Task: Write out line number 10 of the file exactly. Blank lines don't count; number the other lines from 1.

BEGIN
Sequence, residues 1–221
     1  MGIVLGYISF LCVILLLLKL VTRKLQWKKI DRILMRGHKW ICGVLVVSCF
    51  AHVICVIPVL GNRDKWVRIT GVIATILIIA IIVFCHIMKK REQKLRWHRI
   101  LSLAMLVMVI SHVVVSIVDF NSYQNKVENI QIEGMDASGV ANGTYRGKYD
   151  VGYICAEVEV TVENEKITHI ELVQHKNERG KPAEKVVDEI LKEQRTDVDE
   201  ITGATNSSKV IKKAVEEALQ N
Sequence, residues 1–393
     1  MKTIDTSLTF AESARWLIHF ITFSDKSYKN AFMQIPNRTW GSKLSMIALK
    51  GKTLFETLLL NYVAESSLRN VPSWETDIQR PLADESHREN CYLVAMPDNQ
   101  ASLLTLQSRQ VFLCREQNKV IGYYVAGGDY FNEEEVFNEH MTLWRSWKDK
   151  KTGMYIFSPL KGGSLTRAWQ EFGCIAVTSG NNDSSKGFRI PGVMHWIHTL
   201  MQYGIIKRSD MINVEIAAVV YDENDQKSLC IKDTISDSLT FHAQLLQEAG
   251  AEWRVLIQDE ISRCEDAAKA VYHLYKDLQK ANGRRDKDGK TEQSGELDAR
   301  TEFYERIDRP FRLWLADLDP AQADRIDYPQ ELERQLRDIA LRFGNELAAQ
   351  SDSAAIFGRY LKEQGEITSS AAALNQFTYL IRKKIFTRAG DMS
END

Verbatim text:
   101  ASLLTLQSRQ VFLCREQNKV IGYYVAGGDY FNEEEVFNEH MTLWRSWKDK